Ay, let the County take you in your bed
He'll fright you up, i'faith. Will it not be:
What, drest, and in your cloaths and down again!
I must needs wake you : Lady, lady, lady,-
Alas, alas ! help ! help! my lady's dead,
O well-a-day, that ever I was born?
Ho! my lord, my lady!

Enter Lady Capulet,
La. C-p. What noise is here?
Nurje. O lamentable day!
La. Cap. What is the matter !
Nurse. Look, oh heavy day!

La. Cap. Oh me, my child, my only life!
Revive, look up, or I will die with thee :
Help, help! call help.

Enter Capulet. Cap. For shame bring Juliet forth, her lord is come. Nurle. She's dead, she's dead: alack the day! C»p. Ha! let me see her -Out alas, she's cold, Her blood is settled, and her joints are fliíf, Life and these lips have long been separated : Death lies on her, like an untimely frost Upon the sweetelt flower of the field. Accursed time! unfortunate old man!

Euter

Enter Friar Lawrence, and Paris with Musicians. Fri. Come, is the bride ready to go to church?

Cap. Ready to go, but never to return.
O son, the night before the wedding day
Death has embrac'd thy wife : see, there she lies.
Flower as she was, nipp'd in the bud by him !
Oh Juliet, oh my Child, Child !

Par. Have I thought long to see this morning's face,
And doth it give me such a light as this?
La. Cap. Accurft

, unhappy, wretched, hateful day. Cap. Most miserable hour, that Time e'er saw In lasting labour of his pilgrimage. But one, poor one, one poor and loving child, *But one thing to enjoy and solace in, And cruel death hath catcht it from my sight.

Fri. Your daughter lives in peace and happiness;
Heav'n and yourself had part in this fair maid,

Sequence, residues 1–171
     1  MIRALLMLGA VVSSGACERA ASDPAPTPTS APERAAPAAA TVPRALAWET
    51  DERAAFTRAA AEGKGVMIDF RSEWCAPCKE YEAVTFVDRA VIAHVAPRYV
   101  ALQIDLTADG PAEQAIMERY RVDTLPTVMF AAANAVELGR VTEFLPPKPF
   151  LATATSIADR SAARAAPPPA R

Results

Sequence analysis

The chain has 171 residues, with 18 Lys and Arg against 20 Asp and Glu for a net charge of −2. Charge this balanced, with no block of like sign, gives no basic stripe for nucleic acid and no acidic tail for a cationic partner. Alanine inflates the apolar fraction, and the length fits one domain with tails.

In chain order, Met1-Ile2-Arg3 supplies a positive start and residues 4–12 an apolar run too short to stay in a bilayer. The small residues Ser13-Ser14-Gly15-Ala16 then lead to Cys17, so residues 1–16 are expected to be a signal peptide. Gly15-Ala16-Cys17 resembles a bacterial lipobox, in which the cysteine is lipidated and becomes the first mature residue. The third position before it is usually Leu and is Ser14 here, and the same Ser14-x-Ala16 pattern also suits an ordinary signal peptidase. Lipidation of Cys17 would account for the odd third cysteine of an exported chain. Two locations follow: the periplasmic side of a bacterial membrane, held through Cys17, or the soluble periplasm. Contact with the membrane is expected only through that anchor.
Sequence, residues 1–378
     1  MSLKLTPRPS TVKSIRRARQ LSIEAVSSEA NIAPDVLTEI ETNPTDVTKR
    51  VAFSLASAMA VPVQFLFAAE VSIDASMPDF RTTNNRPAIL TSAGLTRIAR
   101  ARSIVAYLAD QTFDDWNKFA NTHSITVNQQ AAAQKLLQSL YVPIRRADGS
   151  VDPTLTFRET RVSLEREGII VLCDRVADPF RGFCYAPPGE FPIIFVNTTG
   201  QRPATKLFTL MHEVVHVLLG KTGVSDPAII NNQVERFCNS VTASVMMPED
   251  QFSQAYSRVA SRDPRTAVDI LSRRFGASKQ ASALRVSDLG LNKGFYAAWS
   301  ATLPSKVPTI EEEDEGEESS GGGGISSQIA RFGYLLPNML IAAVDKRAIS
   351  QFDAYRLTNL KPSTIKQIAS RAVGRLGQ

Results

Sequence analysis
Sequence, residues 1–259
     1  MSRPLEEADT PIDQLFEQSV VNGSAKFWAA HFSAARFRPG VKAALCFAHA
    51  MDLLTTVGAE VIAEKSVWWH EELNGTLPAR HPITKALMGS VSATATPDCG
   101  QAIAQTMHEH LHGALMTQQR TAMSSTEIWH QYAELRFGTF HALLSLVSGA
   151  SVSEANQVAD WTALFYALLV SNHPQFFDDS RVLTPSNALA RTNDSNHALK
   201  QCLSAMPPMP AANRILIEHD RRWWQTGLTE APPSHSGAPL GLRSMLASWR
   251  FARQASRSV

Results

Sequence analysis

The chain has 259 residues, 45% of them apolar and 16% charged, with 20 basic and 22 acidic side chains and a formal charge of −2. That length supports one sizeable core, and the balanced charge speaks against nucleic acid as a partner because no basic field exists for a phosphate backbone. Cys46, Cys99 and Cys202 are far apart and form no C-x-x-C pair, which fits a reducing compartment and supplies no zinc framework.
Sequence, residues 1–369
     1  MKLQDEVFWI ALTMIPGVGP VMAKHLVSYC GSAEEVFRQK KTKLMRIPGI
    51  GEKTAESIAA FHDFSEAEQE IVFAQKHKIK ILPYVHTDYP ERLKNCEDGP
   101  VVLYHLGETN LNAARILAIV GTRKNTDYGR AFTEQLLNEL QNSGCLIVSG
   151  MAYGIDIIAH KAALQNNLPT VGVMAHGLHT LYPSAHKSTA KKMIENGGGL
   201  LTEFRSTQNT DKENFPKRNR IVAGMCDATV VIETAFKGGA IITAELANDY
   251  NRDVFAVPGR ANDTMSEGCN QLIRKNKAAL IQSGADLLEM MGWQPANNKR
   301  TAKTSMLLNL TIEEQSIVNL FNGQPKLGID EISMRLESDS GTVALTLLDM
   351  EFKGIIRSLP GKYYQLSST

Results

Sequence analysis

Now, heav'n hath all--dry up your fruitless tears ;
Come, stick your rosemary on this fair corps,
And as the custom of our country is,
Convey her where her ancestors lie tomb'd.

Cap. All things that we ordained to festival,
Turn from their office to black funera.:
Our Instruments, to melancholy bells;
Our wedding chear, to a sad burial feast ;
Our solemn hymns to fullen dirges change;
And bridal flowers serve for a buried coarle,
And all things change them to the contrary.

Fri. Sir, go you in, and Ma go with him;
And go Sir Paris, every one prepare
To follow this fair Coarse unto her grave.
The Heav'ns do low'r upon you, for some ill;
Move them no more by crossing their high will.

[Exeunt,

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The inside of a Churcb. Enter the funeral procession of Juliet, in which the

following Dirge is sung.

CHORUS.
RISE, rife!

Heart-breaking highs
The woe-fraught bofom fwell;

For fighs alone,

And dismal moan,
Should echo Juliet's knell.

AI R.

She's gore -- the feveetest flow'r of May,

That blooming bleft our sight;
Those eyes aubich hone like breaking day,

Are set in endless night!

CHORUS.

Rife, rife! &c.

A I R.

She's gone, fbze's g ne, ner leaves behind
So fair a form, so pure a mind;
How could A thou, Death, at once deflroy,
Tbe Lover's hope, the Parent's joy?

CHORU S.

Rift, Rise ! &c.

AIR.